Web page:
This is an archived release.
Strong growth in expenses for specialist health service
Expenses for the central government specialist health service totalled around NOK 87.8 billion in 2007. This is a 9 per cent growth from the previous year. The largest growth took place within psychiatric care and treatment for alcoholics and drug abusers.
Total growth from 2006 to 2007 for the central government specialist health service was NOK 7.3 billion. The central government specialist health service is defined here as activities and services within health enterprises (HF) and regional health authorities (RHF), and in private hospitals and institutions with operating agreements with health enterprises and regional health authorities (HF/RHF). Expenses increased considerably within all specialist fields. The highest growth in terms of percentage took place within psychiatric care for adults, which rose by 11.8 per cent.
Treatment of substance abusers rose by 10.5 per cent, and psychiatric care for children and adolescents by 9.5 per cent. The smallest growth was within general care, which rose by 8.6 per cent.
The changes in the relative shares of the expenses for salaries, goods and services and medicines within general hospitals have been small. The shares have also been stable in the period 2005 to 2007.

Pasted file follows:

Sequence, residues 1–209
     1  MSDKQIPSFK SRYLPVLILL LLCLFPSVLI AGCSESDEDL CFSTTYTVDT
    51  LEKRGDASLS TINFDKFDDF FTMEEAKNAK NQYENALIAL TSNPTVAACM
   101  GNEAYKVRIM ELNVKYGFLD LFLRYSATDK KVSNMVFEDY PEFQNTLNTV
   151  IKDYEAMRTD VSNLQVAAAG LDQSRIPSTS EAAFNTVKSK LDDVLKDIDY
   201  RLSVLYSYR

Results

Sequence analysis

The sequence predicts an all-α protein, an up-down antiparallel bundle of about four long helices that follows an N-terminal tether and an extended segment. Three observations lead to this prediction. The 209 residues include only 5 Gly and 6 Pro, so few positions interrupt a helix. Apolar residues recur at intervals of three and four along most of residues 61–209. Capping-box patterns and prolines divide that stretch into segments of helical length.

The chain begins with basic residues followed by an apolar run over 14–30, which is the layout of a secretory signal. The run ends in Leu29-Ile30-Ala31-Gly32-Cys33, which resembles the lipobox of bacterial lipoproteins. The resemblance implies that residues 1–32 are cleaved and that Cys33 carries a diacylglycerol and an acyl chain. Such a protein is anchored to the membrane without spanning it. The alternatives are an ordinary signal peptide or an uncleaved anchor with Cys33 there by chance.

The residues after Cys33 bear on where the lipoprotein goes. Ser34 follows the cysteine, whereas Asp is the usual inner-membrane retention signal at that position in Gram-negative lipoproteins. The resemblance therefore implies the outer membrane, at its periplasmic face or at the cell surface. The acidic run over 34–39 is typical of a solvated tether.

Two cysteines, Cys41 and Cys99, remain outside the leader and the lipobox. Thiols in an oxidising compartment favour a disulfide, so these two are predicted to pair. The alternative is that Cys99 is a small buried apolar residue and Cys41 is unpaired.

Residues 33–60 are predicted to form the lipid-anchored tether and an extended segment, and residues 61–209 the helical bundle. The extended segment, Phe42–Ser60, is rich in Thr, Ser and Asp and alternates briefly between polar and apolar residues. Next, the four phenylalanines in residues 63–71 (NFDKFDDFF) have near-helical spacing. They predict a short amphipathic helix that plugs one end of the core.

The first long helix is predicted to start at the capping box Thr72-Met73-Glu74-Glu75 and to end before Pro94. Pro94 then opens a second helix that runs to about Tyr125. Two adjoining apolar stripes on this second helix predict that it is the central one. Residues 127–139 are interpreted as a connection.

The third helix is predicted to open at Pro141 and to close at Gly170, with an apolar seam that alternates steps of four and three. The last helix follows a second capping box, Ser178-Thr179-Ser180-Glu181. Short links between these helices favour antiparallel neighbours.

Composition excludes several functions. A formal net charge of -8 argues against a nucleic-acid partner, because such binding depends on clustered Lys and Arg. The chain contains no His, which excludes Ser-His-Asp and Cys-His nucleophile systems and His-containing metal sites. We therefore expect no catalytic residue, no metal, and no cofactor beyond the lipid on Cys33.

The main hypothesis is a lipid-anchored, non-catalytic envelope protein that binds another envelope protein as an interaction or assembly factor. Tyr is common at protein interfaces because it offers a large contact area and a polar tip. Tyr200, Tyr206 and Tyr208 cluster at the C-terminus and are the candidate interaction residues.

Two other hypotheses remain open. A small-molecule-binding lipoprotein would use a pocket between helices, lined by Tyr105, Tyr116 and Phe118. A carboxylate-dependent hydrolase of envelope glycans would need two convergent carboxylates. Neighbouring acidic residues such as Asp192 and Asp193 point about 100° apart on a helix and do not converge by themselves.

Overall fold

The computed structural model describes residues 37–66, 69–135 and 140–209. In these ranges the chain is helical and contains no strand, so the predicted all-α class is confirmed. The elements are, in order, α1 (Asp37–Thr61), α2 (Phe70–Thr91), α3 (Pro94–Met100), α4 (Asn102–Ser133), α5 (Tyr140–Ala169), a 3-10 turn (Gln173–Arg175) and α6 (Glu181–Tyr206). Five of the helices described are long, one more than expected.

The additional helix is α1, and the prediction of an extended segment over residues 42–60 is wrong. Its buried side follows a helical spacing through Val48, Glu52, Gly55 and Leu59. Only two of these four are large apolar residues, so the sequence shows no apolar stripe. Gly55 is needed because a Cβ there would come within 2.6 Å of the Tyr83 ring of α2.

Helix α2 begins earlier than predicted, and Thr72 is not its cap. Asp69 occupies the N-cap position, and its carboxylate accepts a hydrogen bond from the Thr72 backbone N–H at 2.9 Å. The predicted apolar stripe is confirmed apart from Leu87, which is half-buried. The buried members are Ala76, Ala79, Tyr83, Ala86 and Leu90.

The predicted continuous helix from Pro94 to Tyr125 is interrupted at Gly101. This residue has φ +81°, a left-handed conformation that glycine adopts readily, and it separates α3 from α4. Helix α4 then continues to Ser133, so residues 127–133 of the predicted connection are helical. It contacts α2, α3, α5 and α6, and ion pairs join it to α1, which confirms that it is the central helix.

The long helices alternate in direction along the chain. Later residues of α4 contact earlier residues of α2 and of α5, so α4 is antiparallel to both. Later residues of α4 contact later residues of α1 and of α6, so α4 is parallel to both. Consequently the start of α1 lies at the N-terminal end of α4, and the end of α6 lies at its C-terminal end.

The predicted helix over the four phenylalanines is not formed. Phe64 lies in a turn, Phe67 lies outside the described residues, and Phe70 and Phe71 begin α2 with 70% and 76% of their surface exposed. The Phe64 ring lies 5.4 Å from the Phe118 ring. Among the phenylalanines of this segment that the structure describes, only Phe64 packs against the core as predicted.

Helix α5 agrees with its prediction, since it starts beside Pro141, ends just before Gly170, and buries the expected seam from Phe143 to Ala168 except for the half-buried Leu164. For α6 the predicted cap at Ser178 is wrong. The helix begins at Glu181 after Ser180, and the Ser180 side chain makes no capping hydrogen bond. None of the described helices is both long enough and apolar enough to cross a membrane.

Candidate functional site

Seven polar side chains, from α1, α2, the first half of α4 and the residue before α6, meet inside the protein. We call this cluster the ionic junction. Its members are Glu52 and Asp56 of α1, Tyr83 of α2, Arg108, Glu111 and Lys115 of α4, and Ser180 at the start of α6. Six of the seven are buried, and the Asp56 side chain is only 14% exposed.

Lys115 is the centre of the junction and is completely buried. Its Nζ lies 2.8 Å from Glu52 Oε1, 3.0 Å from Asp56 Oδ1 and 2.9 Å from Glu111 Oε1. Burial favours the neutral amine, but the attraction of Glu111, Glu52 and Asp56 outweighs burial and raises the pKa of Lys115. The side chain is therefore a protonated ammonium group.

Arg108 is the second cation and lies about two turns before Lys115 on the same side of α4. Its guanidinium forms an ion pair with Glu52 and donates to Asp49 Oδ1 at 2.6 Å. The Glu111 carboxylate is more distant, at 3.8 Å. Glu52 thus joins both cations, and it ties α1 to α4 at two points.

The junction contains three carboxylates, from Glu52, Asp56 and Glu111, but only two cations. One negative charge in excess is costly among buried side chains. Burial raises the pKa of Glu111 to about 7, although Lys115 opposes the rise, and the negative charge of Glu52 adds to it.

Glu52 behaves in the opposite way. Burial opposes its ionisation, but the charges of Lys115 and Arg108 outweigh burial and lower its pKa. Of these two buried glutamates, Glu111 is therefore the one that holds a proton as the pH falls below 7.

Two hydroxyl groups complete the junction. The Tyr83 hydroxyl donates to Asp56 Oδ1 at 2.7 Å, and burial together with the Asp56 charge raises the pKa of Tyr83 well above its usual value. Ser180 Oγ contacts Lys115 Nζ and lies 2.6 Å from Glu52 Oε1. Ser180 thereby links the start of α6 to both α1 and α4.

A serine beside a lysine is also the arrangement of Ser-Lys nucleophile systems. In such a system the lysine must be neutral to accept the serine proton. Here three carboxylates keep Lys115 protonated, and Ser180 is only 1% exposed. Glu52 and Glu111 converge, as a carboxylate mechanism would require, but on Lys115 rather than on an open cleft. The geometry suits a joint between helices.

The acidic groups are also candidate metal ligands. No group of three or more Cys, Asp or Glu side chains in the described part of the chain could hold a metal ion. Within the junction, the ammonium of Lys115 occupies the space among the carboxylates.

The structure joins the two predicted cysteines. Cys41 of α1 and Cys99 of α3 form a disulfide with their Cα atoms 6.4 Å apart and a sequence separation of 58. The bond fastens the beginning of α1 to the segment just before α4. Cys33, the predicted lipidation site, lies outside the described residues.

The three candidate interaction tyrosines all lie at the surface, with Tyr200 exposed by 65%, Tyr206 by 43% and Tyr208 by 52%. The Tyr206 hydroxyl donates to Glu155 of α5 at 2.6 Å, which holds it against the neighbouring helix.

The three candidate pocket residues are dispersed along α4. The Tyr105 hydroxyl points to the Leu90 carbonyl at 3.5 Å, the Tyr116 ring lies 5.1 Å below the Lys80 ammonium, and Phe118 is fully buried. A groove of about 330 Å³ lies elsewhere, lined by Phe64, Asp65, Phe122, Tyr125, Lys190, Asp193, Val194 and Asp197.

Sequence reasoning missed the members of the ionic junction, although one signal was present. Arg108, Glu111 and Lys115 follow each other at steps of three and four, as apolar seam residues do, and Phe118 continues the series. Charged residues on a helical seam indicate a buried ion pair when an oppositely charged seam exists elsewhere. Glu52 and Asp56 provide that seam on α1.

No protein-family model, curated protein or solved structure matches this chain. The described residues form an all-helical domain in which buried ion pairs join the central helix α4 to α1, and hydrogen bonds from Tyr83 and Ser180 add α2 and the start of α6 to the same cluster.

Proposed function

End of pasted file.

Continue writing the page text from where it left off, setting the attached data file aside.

Fall in bed days and increase in out-patient treatment
The number of discharges from the central government specialist health service has fallen with 0.5 per cent from 2006 to 2007. The fall has been strongest within psychiatric care for children and adolescents, at 15 per cent. Meanwhile, psychiatric care for adults saw an increase of 2.7 per cent. The increasing trend also continued in out-patient consultations, and within psychiatric care for children and adolescents the increase was 9.9 per cent. Substance abuse treatment saw an increase of 14.4 per cent.
The number of beds fell by 2 per cent overall, which has been the trend for a number of years.
Treatment classified by main diagnosis group within general care
Patient statistics classified by main diagnosis group within general hospitals shows two trends for the period 2002 to 2007. Main diagnosis groups are a rather rough classification into related diagnoses, but it can give an indication of the overall development. One trend is a relatively strong shift from inpatient to out-patient treatment and day cases. During the period 2002 to 2007, inpatient stays increased by 9.8 per cent, while day cases increased by 55.1 per cent and out-patient cases increased by 22.5 per cent. The other trend is that there are different trends concerning the various main diagnosis groups. The greatest change can be seen in the main diagnosis group Diseases of the eye and the eye area, with a fall in inpatient stays of 30.9 per cent. Meanwhile, day cases have seen an increase of 24.9 per cent, and out-patient cases has had an increase of 8.9 per cent.
The central government specialist health service forms part of StatRes - State resource use and results. The purpose of StatRes is to show the level of resources that the state uses, what this input provides in terms of activities and services in the various government activities, and what outcomes can be seen from the input. Its aim is to provide the general public and the authorities with more knowledge of state-run activities.